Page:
Another NRTI in development is FTC. The drug is manufactured by Triangle Pharmaceuticals and, at least in test tube studies, appears to be active against both HIV and hepatitis B virus (HBV). At the present time, the drug is being developed using a once-daily formulation (200 mg) and was associated with a 1.4 log drop in viral load after 14 days of use. Unfortunately, individuals already resistant to 3TC may not benefit from taking FTC as one of the most common mutations that confers resistance to 3TC also confers resistance to FTC.

A third NRTI in development is dOTC (also known as BCH-10652). BiochemPharma is the manufacturer and it is currently in Phase I, dose-finding studies. According to the manufacturer, laboratory tests have shown dOTC to be active against HIV strains resistant to 3TC, ddC, adefovir dipivoxil (a nucleotide analogue being developed by Gilead Sciences), and AZT.


Non-Nucleoside Analogues (NNRTIs)

Currently in phase II studies is MKC-442, an NNRTI being developed by Triangle Pharmaceuticals. It is expected that this drug will be used at doses between 750 mg and 1000 mg twice daily. According to results from one preliminary study involving 35 patients, the drug reduced viral loads by more than 1 log during the first week of therapy.

Drugs in Development

NUCLEOSIDE ANALOGUES

  • lodenosine (F-ddA)
  • FTC
  • dOTC (BCH-10652)


NON-NUCLEOSIDE ANALOGUES

  • MKC-442
  • S-1153


PROTEASE INHIBITORS (PI's)

  • ABT-378
  • tipranavir (PNU-140690)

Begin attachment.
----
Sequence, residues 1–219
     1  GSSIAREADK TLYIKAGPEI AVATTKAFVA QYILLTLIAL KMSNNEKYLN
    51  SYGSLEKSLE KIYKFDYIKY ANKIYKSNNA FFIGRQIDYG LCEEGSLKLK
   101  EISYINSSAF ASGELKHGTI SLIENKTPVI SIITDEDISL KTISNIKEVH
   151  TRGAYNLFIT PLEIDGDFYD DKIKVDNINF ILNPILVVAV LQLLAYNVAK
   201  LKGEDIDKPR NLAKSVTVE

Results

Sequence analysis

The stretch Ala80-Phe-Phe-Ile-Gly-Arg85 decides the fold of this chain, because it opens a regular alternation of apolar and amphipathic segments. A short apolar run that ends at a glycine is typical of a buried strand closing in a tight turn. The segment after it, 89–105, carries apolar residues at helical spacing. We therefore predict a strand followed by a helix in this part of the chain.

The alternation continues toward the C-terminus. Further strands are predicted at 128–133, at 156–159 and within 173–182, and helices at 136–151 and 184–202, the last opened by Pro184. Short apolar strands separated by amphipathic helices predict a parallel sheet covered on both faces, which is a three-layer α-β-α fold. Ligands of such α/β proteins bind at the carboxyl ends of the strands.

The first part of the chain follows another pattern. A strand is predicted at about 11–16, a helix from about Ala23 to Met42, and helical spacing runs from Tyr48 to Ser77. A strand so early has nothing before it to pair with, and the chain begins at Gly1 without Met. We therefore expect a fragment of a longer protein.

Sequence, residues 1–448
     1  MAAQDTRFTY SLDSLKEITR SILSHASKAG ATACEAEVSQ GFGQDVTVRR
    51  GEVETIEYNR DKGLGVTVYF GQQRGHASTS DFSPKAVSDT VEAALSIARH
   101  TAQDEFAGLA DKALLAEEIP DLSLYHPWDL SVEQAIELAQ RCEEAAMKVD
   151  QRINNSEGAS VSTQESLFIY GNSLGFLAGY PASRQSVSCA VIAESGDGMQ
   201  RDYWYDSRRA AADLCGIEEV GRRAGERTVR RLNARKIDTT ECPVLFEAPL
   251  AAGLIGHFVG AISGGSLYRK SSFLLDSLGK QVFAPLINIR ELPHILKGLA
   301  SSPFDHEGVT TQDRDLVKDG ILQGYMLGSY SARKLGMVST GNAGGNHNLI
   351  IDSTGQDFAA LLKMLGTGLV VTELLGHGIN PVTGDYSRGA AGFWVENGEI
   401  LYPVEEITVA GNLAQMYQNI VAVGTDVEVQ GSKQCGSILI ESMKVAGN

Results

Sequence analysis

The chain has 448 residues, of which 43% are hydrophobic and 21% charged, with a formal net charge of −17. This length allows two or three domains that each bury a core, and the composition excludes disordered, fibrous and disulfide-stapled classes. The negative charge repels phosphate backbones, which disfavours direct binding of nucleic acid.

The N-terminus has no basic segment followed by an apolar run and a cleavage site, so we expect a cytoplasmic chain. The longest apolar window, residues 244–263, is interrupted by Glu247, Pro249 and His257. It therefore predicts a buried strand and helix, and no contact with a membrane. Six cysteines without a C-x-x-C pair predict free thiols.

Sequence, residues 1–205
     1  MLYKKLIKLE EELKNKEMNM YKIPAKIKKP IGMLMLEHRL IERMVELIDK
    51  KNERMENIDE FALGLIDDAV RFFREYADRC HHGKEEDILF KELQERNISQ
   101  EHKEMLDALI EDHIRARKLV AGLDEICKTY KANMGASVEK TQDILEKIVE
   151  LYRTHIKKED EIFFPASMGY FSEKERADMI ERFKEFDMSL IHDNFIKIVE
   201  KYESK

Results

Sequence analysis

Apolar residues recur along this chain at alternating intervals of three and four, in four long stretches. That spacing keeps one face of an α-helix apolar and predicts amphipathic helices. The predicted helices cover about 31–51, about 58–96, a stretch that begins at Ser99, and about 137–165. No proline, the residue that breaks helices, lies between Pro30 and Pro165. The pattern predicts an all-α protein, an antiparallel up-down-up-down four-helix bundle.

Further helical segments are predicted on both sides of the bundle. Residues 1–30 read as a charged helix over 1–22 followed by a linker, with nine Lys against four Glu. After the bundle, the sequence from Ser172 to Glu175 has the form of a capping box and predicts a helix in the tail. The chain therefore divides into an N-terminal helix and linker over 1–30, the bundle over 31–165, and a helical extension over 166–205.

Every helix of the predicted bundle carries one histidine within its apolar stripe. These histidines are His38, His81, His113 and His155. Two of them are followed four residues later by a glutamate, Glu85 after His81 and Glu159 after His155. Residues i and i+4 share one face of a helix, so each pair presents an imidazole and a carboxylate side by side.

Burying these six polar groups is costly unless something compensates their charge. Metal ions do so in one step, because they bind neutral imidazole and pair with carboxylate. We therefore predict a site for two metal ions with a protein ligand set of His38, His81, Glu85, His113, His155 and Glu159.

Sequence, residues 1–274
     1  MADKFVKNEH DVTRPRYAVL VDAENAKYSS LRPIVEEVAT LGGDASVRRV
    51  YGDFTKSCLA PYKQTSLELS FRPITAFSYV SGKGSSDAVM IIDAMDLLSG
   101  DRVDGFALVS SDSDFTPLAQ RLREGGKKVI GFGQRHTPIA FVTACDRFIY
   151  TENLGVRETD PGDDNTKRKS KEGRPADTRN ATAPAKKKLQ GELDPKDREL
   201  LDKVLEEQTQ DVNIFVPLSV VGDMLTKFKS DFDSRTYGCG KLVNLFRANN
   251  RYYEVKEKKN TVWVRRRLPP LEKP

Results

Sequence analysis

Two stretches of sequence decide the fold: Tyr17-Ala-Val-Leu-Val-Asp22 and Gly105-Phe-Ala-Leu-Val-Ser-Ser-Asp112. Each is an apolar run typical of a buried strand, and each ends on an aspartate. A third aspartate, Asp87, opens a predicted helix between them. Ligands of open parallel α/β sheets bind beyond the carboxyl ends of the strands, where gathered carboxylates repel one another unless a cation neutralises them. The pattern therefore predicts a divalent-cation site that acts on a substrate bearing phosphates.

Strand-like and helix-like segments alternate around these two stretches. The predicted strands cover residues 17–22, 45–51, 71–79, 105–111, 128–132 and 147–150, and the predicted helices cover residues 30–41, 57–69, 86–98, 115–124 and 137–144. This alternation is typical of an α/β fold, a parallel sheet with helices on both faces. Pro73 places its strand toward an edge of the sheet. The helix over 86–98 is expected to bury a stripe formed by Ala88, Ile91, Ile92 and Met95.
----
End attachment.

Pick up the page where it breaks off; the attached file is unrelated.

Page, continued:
• DMP-450
  • BMS-232, 632
  • PD-178390


OTHER ANTIVIRALS

  • CI-1012
  • Pentafuside (T-20)
  • Zintevir
MKC-442 is very similar to today's already approved NNRTIs. For starters, it is associated with rapid resistance, a common occurrence among patients who took either nevirapine or delavirdine as monotherapy in earlier clinical trials; patients who took MKC-442 as monotherapy in a clinical trial began to see their viral loads head back upwards after one week of use. MKC-442 is also associated with rash, a common side effect reported by patients taking nevirapine, delavirdine, and efavirenz. While more data from resistance studies are needed, at least one team of researchers has suggested that MKC-442 is active against HIV strains already resistant to nevirapine. MKC-442 also poses a problem for people looking to avoid drug interactions. Given that the drug is metabolized by the cytochrome P450 enzyme system, interactions with oral contraceptives, protease inhibitors, rifampin, and rifabutin are likely to be discovered. The drug has also been shown to increase AZT levels in the blood by 90%, which will probably require a dose reduction of AZT.